August 28, 2012 at 7:52 am |
    • WASP

      @SCOTT: the short answer YES!.
      SCIENCE creates young minds that question their world and exsistance and want to find answers.
      RELIGION creates young minds that question nothing and end up paying their life savings to a church.

      August 28, 2012 at 8:02 am |
    • Al Russell

      Absolutely. We also teach math, literature and history. If we open the door to teaching YOUR religion then we have a legal obligation to teach other people's religions as well. Is it OK with you to start teaching the Koran and other faith based books in schools as well? There are a lot of religions. Or, would you maybe agree that we should teach academics in school and let people teach their individual religions at home? That way, you're not in danger of having Junior exposed to something YOU don't believe in.

      August 28, 2012 at 8:36 am |
  9. Sarah

    It sounds more to me, like creationism isn't good for Bill Nye. What a shame. Bill Nye, the blind eye.

    August 28, 2012 at 7:37 am |
    • Observer

      I guess he has a hard time believing in unicorns and talking animals like some people do.

      August 28, 2012 at 7:41 am |
    • God

      creationism isn't good for anyone

      August 28, 2012 at 7:58 am |
    • sir

      bright answer observer. did someone help you with it?

      August 28, 2012 at 8:41 am |
  10. Cgood

    Scientists have found the exact chromosome that fused together from primate to human. Look up Kenneth Miller on you tube and his lecture on "Collapse of Inelligent Design". Kenneth Miller is a catholic mico cell biologist. Couldn't both sides be right? "God formed man out of dirt." Maybe God is still trying to teach us.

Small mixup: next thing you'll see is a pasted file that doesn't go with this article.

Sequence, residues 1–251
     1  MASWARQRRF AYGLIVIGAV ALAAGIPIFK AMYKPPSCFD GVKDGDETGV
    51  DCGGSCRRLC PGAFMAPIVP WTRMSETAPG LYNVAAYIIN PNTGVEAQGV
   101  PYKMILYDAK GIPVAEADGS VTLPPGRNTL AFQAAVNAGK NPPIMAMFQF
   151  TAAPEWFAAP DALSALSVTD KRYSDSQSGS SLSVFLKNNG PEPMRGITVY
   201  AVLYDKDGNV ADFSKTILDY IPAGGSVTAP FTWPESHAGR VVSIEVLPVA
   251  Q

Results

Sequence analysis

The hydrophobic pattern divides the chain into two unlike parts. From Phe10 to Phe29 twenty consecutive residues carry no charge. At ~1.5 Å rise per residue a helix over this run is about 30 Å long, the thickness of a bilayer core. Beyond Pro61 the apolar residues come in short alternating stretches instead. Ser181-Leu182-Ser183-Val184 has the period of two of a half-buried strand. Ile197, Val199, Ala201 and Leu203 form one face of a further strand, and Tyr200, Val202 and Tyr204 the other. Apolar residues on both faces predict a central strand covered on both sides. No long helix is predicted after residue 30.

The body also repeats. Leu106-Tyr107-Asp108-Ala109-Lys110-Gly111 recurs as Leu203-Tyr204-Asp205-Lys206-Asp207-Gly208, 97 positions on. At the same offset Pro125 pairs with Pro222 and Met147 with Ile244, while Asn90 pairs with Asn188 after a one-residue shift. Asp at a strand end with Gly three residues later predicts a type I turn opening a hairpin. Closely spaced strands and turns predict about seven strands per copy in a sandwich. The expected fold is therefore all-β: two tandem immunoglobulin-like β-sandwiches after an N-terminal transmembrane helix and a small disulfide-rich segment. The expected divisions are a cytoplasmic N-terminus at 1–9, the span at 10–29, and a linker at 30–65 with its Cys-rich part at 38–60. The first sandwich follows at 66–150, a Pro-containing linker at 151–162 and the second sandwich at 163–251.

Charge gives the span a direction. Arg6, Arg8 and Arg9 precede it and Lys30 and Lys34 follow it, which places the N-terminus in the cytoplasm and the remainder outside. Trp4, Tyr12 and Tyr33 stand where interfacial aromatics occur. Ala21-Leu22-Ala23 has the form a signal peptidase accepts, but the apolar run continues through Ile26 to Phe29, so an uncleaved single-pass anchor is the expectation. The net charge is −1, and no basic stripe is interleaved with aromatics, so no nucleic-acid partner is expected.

August 28, 2012 at 7:36 am |
  11. Sardukar

    46% of Americans believed in creationism, 32% believed in evolution guided by God, and 15% believed in atheistic evolution.
    Ladies and Gentlemen...your voting electorate...no wonder the country is fked...

    August 28, 2012 at 7:34 am |
    • Brother Maynard

      ...and by the responses on this site ... I would say those numbers are dead on correct

      August 28, 2012 at 8:12 am |
  12. sir

    nye looks like he evolved from a horse's patoot.

    August 28, 2012 at 7:28 am |
    • Observer

      Bright comment.

      August 28, 2012 at 7:40 am |
    • sir

      thank you. did you evovle the same way?

      August 28, 2012 at 8:39 am |
  13. Christian LDS

    Our Father set an example for us. We are to work our week, and rest to allow our spirit time to renew. I used to be a fan, but seriously-if you can't see this as Lucifer's plan, you really are the indoctrinated one.

    August 28, 2012 at 7:27 am |
    • Mr. Black

      "indoctrinated" – I do not think it means what you think it means.

      August 28, 2012 at 7:31 am |
    • zometimer

      Get back under your rock. Lucifer is a real as spiderman, zeus, or santa claus.

      August 28, 2012 at 7:34 am |
    • elvisisallah

      Get back under your rock. Lucifer is a real as spiderman, zeus, or santa claus.

      August 28, 2012 at 7:35 am |
  14. sir

    who is this bozo?? and get rid of that gay tie!!!

    August 28, 2012 at 7:27 am |
    • Bender

      Were you going to ask him out to dinner and a movie?

      August 28, 2012 at 7:36 am |
    • sir

      bend over bender. here it ccmes again.

      August 28, 2012 at 8:40 am |
  15. jimmjoe

    Thanks for your courage, Bill. Hopefully, sooner rather than later, science will overwhelm the fantasy.

    August 28, 2012 at 7:25 am |
    • LT

      Fantasy, is believing that nothing can create nothing. Now that's the greatest "leap" of faith I've ever heard of.

      August 28, 2012 at 7:29 am |
    • mrwma

      Hey jimmiebobjoe out of bedwetting arkcansaw.................them four years in the third grade seem to have helped you a lot!

      August 28, 2012 at 7:33 am |
    • jimmjoe

      "In his 1988 book, A Brief History of Time, Hawking had seemed to accept the role of God in the creation of the universe. But in the new text, co-written with American physicist Leonard Mlodinow, he said new theories showed a creator is "not necessary".

      The Grand Design sets out to contest Sir Isaac Newton's belief that the universe must have been designed by God as it could not have been created out of chaos.